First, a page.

For Snohomish County PUD customers, you may have caught the most recent edition of their quarterly newsletter – Current. One brief article caught my eye entitled Poo Power Coming to a Home Near You. Did I mention it was brief? But wait, there has to be more to this story!
So I contacted Aaron Swaney of Snohomish County PUD Communications to learn more about this electric energy production site outside of Monroe. Maybe it was the 8-year old still in me that wanted to learn more about cow poop…er, energy.
Snohomish County PUD has had a partnership with Qualco Energy going back to 2014 to purchase electric power from this unique facility. Qualco Energy is a partnership between Northwest Chinook Recovery, Sno/Sky Agricultural Line, and the Tulalip Tribe. The partnership mission is to sharply reduce cow manure in area rivers to help fish, help farmers obtain a very efficient fertilizer, and generate electric power as part of the PUD grid – a true win, win, win for all involved.
Here is how the process works. From three local farms, there are about 2300 head of cows. That is a lot of cow pies! In fact, those cows produce about 60,000 gallons of manure each day. The manure is piped to one of the farms that hosts this project, dumping the material into a large collection pit. Food waste and even expired alcohol is dropped into this collection pit as well.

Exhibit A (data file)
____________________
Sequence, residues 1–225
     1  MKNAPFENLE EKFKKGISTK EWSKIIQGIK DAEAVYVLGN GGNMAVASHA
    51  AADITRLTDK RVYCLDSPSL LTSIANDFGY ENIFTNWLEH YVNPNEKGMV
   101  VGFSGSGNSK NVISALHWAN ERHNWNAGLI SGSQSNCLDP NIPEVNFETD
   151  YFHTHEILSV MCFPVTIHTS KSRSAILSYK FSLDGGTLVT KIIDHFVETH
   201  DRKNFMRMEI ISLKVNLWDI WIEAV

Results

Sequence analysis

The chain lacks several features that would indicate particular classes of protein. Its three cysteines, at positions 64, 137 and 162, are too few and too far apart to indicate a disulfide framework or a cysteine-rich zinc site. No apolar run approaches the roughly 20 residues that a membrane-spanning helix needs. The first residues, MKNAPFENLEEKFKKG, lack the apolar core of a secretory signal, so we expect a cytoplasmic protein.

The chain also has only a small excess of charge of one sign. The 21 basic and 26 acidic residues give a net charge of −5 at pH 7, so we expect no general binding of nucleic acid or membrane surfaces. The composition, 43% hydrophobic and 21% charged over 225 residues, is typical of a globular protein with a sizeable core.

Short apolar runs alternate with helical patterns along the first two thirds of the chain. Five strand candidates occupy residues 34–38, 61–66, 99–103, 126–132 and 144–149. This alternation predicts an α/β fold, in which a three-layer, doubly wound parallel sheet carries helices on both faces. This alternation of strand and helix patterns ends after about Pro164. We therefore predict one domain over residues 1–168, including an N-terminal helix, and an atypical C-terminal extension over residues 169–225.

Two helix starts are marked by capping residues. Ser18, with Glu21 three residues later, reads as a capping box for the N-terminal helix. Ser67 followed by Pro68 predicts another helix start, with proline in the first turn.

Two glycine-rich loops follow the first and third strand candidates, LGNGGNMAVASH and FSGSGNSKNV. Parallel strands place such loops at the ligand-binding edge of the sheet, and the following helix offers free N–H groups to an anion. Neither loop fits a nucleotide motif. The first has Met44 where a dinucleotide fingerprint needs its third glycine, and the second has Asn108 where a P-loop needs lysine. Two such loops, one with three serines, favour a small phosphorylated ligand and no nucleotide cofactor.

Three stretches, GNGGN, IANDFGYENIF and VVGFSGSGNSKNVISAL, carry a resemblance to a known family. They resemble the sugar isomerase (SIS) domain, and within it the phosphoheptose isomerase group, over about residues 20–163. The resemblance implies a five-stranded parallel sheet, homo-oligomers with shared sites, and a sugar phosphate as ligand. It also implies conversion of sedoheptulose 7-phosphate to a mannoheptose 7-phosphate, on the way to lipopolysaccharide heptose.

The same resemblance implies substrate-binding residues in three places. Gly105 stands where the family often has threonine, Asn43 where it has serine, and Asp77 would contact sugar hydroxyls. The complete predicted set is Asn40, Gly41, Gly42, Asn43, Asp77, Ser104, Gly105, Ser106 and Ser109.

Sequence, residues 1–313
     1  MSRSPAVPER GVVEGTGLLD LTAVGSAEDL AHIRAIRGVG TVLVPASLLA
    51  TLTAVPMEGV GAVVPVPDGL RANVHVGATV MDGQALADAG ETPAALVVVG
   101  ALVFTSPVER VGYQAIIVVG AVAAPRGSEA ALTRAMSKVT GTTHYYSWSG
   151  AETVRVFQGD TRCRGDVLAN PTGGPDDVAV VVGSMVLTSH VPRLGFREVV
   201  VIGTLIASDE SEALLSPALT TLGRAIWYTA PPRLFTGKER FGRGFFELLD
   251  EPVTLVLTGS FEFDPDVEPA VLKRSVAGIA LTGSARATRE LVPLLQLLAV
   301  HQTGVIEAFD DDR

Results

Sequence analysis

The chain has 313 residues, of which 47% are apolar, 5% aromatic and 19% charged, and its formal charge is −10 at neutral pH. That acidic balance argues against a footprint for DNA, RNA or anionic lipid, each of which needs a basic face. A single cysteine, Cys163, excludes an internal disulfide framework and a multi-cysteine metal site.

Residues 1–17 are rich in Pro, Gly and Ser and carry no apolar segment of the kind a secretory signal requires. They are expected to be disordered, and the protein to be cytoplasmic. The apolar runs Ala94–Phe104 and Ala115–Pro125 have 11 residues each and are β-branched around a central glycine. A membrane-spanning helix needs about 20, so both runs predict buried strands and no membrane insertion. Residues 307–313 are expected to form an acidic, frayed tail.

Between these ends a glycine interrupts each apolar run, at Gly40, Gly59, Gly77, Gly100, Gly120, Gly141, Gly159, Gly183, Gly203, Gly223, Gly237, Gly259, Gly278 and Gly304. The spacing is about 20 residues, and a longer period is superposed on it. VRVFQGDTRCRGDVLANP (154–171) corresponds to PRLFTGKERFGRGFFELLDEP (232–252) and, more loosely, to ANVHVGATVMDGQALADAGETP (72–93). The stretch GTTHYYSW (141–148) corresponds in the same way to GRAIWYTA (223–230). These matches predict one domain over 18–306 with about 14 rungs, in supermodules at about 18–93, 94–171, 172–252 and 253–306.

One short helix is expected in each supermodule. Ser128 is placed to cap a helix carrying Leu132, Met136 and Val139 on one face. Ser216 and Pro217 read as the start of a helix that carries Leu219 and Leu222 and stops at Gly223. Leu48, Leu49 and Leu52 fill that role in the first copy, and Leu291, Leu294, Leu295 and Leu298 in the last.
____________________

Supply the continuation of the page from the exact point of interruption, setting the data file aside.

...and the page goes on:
The collection pit material then moves to a bio-digester that performs much like a cow’s stomach. The bio-digester is huge, the size of a football field and 14 feet deep, shaped in a horseshoe. The bio-digester breaks down the waste into fertilizer and methane. The methane then is burned in a generator to produce about 300 kilowatts of power, enough to power about 300 homes.
Aaron highlighted that the PUD is ‘super proud of’ this partnership and this renewable clean energy. The PUD is so pleased that the PUD is working on a new partnership agreement this month to invest in a new electric power generator at this facility that will nearly double the amount of power generated.
Snohomish County PUD already has 95 percent of its electric power from clean energy resources with 85 percent coming from hydroelectric projects. Compared to wind and solar energy, this facility provides a steady resource or as Aaron put it – ‘that is gold!’ By state law, all electric power serving customers in the state needs to be 100 percent clean energy by 2045 and the non-profit PUD has only 5 percent to go. Expanding power generation from this facility outside of Monroe is another step toward that 100 percent goal. Aerial photos are available at: Aerial Photos
The 8-year old boy in me learned how cow poop, 60,000 gallons of cow pies per day, can be turned into electric power and help farmers obtain very effective fertilizer. What a win for all of us and our environment!